Authors: Damien Angelica Walters
PRAISE FOR PAPER TIGERS
is full of hauntings of every sort, a modern ghost story of the very best kind, combining the delicate mania of Charlotte Perkins Gilman, the subtlety of Shirley Jackson and the raw dynamism of Joyce Carol Oates. But what Walters delivers here is thoroughly her own creation: a starkly beautiful tale of what it means to survive.”
World Fantasy Award-winning author of
Gifts for the One Who Comes After
gathers the best from every childhood scary storyâcreepy antiques, haunted houses, seemingly friendly ghostsâand repackages them with the worst and most isolating of adult fears. Walters' prose is vivid and gripping, luring you in, feeding you images that will leave you comforted by the light of your bedside nightstand; horror nostalgia at its finest.”
, author of
, Damien Angelica Walters has created a hauntingly elegant portrait of loneliness and longing for healing. But where she confronts real terror is in answering the question of what it costs the wounded to be whole again. This book is at once as beautiful and frightening as a scar on smooth skin or a scream with perfect pitch.”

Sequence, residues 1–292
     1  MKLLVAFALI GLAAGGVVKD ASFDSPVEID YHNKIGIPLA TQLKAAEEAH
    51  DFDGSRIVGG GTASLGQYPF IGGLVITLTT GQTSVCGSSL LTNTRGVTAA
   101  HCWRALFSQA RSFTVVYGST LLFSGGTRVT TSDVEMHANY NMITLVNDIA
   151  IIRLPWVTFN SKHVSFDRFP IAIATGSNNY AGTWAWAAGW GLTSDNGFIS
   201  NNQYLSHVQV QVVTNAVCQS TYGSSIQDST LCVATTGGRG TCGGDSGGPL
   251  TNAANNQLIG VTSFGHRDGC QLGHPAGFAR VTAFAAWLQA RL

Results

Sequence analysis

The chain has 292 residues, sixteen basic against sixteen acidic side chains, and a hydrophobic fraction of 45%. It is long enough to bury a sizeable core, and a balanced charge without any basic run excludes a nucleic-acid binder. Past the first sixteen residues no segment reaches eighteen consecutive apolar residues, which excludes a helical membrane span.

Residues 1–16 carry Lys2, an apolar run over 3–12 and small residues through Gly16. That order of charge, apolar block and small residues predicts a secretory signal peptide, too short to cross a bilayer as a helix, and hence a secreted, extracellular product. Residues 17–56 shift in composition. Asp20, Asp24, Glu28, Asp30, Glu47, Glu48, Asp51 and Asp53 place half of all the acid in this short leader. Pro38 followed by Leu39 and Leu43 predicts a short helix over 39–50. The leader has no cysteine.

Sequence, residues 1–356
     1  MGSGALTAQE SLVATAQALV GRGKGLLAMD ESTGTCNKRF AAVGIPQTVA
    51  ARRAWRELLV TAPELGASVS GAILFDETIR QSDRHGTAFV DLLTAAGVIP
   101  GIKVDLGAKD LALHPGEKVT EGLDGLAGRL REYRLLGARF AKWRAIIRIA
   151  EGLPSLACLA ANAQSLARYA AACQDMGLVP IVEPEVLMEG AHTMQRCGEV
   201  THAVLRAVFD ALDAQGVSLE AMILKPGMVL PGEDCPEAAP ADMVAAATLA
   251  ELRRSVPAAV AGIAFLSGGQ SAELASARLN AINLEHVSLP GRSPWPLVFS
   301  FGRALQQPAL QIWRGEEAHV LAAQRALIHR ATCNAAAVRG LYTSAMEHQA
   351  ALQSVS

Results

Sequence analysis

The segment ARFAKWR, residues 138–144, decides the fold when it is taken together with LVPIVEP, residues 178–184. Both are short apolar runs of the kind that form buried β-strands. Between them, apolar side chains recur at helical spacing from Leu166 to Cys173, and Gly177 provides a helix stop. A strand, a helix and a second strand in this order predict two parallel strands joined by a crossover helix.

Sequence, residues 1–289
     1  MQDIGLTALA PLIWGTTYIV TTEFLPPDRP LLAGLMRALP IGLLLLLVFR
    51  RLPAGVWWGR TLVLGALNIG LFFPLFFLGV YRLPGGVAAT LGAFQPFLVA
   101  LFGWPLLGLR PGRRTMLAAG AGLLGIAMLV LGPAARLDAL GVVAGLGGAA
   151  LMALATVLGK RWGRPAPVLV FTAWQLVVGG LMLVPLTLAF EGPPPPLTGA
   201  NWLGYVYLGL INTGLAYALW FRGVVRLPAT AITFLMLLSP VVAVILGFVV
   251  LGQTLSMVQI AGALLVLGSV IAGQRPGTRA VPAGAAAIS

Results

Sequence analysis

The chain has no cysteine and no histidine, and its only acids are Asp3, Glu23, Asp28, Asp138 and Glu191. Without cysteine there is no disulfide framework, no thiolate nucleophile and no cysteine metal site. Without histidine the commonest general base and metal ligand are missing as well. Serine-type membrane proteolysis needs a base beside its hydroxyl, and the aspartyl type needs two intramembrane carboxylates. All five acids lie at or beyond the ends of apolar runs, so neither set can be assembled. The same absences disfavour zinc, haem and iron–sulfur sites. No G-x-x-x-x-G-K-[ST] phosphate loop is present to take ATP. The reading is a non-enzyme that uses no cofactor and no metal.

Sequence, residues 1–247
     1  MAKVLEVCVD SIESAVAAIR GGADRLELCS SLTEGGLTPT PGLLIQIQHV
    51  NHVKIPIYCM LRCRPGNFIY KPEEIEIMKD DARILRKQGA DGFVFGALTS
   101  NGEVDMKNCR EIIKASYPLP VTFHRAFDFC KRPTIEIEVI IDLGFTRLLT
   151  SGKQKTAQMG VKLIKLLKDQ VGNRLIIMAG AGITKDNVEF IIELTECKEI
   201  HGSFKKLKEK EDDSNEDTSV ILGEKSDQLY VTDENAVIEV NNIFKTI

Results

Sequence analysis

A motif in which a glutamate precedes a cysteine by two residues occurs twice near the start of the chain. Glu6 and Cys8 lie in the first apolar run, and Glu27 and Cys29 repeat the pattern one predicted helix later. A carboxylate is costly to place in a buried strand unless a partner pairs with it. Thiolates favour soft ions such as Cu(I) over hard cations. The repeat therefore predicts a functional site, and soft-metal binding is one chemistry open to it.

, author of
“Damien Angelica Walters pulls you into the heart of her characters and traps you there until you're not sure if the story is haunting you, or you're haunting it. Wonderfully creepy and heartwarming, fear and sadness alternate and blend throughout in a story that's packed with atmosphere. Keep the lights on and the tissues close.”
, editor of
ALL RIGHTS RESERVED. NO PART OF THIS BOOK MAY BE REPRODUCED IN ANY FORM OR BY ANY ELECTRONIC OR MECHANICAL MEANS, INCLUDING INFORMATION STORAGE AND RETRIEVAL SYSTEMS, WITHOUT PERMISSION IN WRITING FROM THE PUBLISHER, EXCEPT IN THE CASE OF SHORT PASSAGES QUOTED IN REVIEWS.
THIS IS A WORK OF FICTION. ALL INCIDENTS, SITUATIONS, INSTITUTIONS, GOVERNMENTS, AND PEOPLE ARE FICTIONAL AND ANY SIMILARITY TO CHARACTERS OR PERSONS LIVING OR DEAD IS STRICTLY COINCIDENTAL.
PUBLISHED BY DARK HOUSE PRESS,
AN IMPRINT OF CURBSIDE SPLENDOR PUBLISHING, INC., CHICAGO, ILLINOIS IN 2016.
COPYRIGHT Â© 2016 BY DAMIEN ANGELICA WALTERS
LIBRARY OF CONGRESS CONTROL NUMBER: 2015957759
EDITED BY RICHARD THOMAS
INTERIOR ARTWORK BY GEORGE C. CATRONIS
DESIGNED BY ALBAN FISCHER
FOR MY FATHER,
who took me to the library
“I am like a small creature swallowed whole by a monster, she thought, and the monster feels my tiny little movements inside.”
The Haunting of Hill House
“In another moment down went Alice after it, never once considering how in the world she was to get out again.”
Alice's Adventures in Wonderland
Please don't look at the Monstergirl.